“Would you please take one for yourself and pass the rest down?”
Perplexed, yet desperate for sugar, I stared at the tanned, blonde woman who would be my neighbor for the next two hours on this Boeing 737.
“This one is for you,” she prompted, slowing her speech and over-emphasizing her words. “And these are for them.” I followed her gaze to the passengers on my left, in 13a and 13b.
I accepted the small ziploc snack packs and passed two as requested, stealing a quick glance to gauge 13a and 13b’s take on the unsolicited gifts. They appeared to be equally confused.
Is this a new “pay it forward” movement in kindness? A new type of plane etiquette, and opportunity to fail miserably on gift preparedness for flight neighbors? Is there religious red tape tied to these Tootsie Rolls that by eating one, I’m opting in unknowingly?
What’s the catch?
I set the snack pack on my lap, put my headphones on, and closed my eyes. Although the Tootsie Rolls sounded truly amazing after three days of an intense work trip, fatigue ultimately won out.
An hour and a half later, I began to recover. Stomach growls forced my eyes open and I removed my headphones. The entire plane was silent, peaceful; resting. Sigh. What a great group. Way to go, team! I silently cheered and applauded our group, Delta 664. No loud talkers. No videos without headphones. No apparent sleep apnea. No screaming baby.
Mmmm… something about Tootsie Roll’s… it came back to me. Fatigue finally acquiescing to curiosity, I decided to solve the snack pack mystery and peered inside the bag, only to find a note:
My name is Nicholas, I’m 3 weeks old and on your flight today! This is my first flight and I will try to be on my best behavior, but if I lose my cool, get scared or my ears hurt, I’d like to apologize in advance! My Mommy has packed a goody bag with ear plugs in case my first public serenade isn’t as enjoyable to you as it is to my Mommy!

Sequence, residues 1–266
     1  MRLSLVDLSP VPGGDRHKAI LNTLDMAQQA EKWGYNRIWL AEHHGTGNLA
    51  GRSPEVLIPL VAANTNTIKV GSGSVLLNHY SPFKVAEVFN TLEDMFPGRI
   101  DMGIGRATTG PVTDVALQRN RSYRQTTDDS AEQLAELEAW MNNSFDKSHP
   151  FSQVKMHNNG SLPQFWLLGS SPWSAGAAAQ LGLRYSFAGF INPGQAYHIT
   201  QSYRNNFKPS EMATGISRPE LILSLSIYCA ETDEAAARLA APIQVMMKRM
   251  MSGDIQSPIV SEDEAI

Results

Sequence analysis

Have a great flight!
I unrolled my first tootsie roll and thoughtfully considered this. No one genuinely wants to sit and listen to a crying baby; not even parents. But seriously, have we forgotten that at one point, we were all 3 weeks old? I mean, honestly. I tried to identify the feeling I had on her gesture. Of course, it was incredibly sweet and proactive, but wasn’t it incredibly ridiculous that this new mom should feel such an obligation to preserve the serenity of the flight as to attempt to preempt it? (on top of all the other travel prep?!)
5 tootsie rolls and 30 ADHD thoughts later, I decided to put this in the “Things Women Do, but Really Shouldn’t Have to” bucket.
Roughly half of the population is female, a huge proportion of those bear children, and children – especially infants – cry. Period. It’s how they communicate. I, myself, have been in this situation with Carly and felt the judgy stares insinuating that I didn’t pack the correct snacks, comforts or skills to prepare my daughter for 2 hours in their presence. Feelings of ineptitude for something that we have little control over.
Silently promising myself to meet Nicholas’s mom upon landing and offer to help deplane, my heart longed to reassure my fellow momma. Traveling with all the gear is a huge challenge, especially if traveling without another adult. She was doing great, and I would tell her so!
Seat back up and tray tables stowed, we parked at the gate and began to assemble our things. I spied a 30-ish woman in 14b gingerly attending to a giant car seat. Too much congestion between us, and not enough space, I jealously watched Delta Flight 664 ooh and ahh over sleeping Nicholas.
I smiled at the originator of the snack packs in 13d as we walked toward the jet bridge. “Is that your daughter? Niece?”
She shared that it was her longtime family friend who had just adopted little Nicholas. Momma had been staying at her home in Tampa during the waiting period before being allowed to leave the state and take her son home. The family had been waiting a long time for a baby. My heart nearly burst. I squeezed her hand. “It definitely takes a village. I would travel with you any day.”
First, thank you to my village. Y’all always lift me up, encourage me, and lend a hand. I am forever in your debt, and promise to do the same for our sisters (and brothers.)
To Nicolas’s momma: You will be incredible. You’ve totally got this sister.
And, thank you for the tootsie rolls.